There were times during the pandemic she fell way behind. It’s not hard to see why: Her house has 14 people in it, and she had to help her 10 younger nieces and nephews get through their own virtual school days.
“Taking care of them while at home is like a big part of the pandemic,” 그녀가 말했다. “So even when I was getting up for school to get ready, I had to make sure that I fed them, clothed them and just make sure they were all OK and set up for school.”
Kenya is on track to graduate now — her biggest worry these days is whether to go to community college first or risk an expensive move-in to a residential college that may close because of an outbreak — but she sees many of her fellow students still struggling.
“I just feel like they don’t have enough support behind them honestly,” 그녀가 말했다. “A lot of students are definitely going to get lost.”
Getting lost can have big consequences. These are the final months before another summer break. Some students may not have been fully engaged since the last summer break. 그래서, students who get lost now might stay lost, educators say.
“What we know is statistically students who miss a semester or are not successful in a semester, their likelihood of dropping out or not returning to school does increase every semester that they are unsuccessful,” said Ross-Hillard. “What we’ve adopted as a mindset is that we’re going to continue to chase after you.”
How to talk a teenager into going to school
On a recent Tuesday, CNN trailed Cerrato as he made his rounds, traveling to six homes across New Orleans to find high school students who hadn’t made it to class. One said she couldn’t get transportation. Cerrato said he’d find her a ride. Another said she had to work. Cerrato said school could work around her schedule.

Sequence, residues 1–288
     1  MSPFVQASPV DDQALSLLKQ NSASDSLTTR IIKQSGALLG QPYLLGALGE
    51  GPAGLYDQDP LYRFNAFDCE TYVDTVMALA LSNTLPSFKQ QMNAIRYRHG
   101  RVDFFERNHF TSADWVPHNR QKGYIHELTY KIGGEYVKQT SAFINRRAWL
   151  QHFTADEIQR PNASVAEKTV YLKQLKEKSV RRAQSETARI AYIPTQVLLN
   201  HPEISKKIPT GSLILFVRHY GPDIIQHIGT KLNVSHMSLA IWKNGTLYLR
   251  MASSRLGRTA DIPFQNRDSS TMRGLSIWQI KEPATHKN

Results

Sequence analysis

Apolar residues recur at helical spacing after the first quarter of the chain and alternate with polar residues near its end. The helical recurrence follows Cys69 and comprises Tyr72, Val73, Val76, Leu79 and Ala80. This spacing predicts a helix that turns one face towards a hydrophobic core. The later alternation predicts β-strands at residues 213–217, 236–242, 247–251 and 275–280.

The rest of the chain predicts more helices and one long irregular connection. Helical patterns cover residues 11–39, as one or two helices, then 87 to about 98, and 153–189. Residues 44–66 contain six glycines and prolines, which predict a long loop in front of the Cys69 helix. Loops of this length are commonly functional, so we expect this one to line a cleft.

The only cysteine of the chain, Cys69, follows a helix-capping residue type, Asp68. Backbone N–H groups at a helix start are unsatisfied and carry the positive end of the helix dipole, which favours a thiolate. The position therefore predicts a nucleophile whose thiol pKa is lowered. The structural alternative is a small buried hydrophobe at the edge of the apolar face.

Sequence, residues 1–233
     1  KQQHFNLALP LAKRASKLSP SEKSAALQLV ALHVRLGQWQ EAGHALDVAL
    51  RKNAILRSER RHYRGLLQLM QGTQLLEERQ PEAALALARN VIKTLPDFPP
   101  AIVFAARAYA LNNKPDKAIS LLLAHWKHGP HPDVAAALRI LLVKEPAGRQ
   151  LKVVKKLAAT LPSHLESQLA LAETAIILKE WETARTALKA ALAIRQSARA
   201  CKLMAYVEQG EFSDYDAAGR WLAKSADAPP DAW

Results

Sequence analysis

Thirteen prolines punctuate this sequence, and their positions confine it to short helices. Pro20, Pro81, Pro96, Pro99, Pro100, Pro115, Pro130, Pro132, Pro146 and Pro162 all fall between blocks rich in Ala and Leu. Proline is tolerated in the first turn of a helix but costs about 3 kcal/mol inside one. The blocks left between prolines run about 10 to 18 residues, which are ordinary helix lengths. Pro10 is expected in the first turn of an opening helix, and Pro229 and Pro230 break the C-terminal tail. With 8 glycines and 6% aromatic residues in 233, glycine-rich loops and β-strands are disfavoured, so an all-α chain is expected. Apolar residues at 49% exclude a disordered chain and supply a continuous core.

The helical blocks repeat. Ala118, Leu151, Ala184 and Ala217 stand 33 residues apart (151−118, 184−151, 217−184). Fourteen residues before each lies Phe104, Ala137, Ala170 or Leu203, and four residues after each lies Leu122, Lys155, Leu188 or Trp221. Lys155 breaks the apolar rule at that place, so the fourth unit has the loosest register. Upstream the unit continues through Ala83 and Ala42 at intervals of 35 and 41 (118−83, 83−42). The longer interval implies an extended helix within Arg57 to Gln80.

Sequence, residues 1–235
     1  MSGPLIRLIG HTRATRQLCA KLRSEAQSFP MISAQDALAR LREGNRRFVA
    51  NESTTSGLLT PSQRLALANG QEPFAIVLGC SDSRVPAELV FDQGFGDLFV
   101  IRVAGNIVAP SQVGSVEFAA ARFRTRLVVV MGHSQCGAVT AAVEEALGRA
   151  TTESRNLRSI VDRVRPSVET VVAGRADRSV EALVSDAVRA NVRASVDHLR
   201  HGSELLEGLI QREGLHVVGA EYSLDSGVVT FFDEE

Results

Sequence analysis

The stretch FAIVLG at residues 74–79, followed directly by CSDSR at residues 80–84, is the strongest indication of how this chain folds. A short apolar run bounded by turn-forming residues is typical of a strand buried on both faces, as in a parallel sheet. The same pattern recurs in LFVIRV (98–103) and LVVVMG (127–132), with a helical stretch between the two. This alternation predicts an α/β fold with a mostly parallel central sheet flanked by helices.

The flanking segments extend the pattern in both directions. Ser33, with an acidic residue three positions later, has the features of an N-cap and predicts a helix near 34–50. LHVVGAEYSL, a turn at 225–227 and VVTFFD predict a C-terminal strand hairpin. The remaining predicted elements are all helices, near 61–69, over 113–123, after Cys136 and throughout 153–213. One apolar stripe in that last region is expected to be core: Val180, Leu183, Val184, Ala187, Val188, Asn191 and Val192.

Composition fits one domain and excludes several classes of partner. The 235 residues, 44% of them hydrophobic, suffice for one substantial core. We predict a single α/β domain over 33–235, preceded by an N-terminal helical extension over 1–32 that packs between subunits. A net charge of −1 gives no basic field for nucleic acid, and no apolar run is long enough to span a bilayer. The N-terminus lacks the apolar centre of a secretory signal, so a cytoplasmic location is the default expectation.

He says that his job is really about making sure students know school is there for them, no matter how far behind they have gotten. Teenagers need to feel listened to and supported, 그는 말했다.
“The ones that I’m up there trying to get, 알 잖아, to get back enrolled in school, they just feel like a mistrust. It’s just like, ‘it’s not worth it.’ And that’s what gets me going, 권리?” 그는 말했다. “처럼, like I want to show you that there is someone, that one person, even if it’s me, or like everyone else here that we care, 알 잖아, we want you to succeed in any way that works for you.”
Experts like John King, President Obama’s last secretary of education, warn that good intentions will not be enough to bring students left behind by the pandemic back to school. He testified before Congress in June, and said schools need to be prepared to lay out significant resources to bring students from underserved communities back up to speed. His proposals include more days in school, longer school days and tutoring programs.
On the ground in New Orleans, Cerrato says he can only do so much.
“After the pandemic and everything probably goes back to, I don’t want to say normal because it’s, it’s so like, 알 잖아, but it’s when it just goes back to just school, I feel like schools are going to have an issue with attendance or just like population and enrollment,” 그는 말했다. “그래서, 네, I’m trying to cut that deficit.”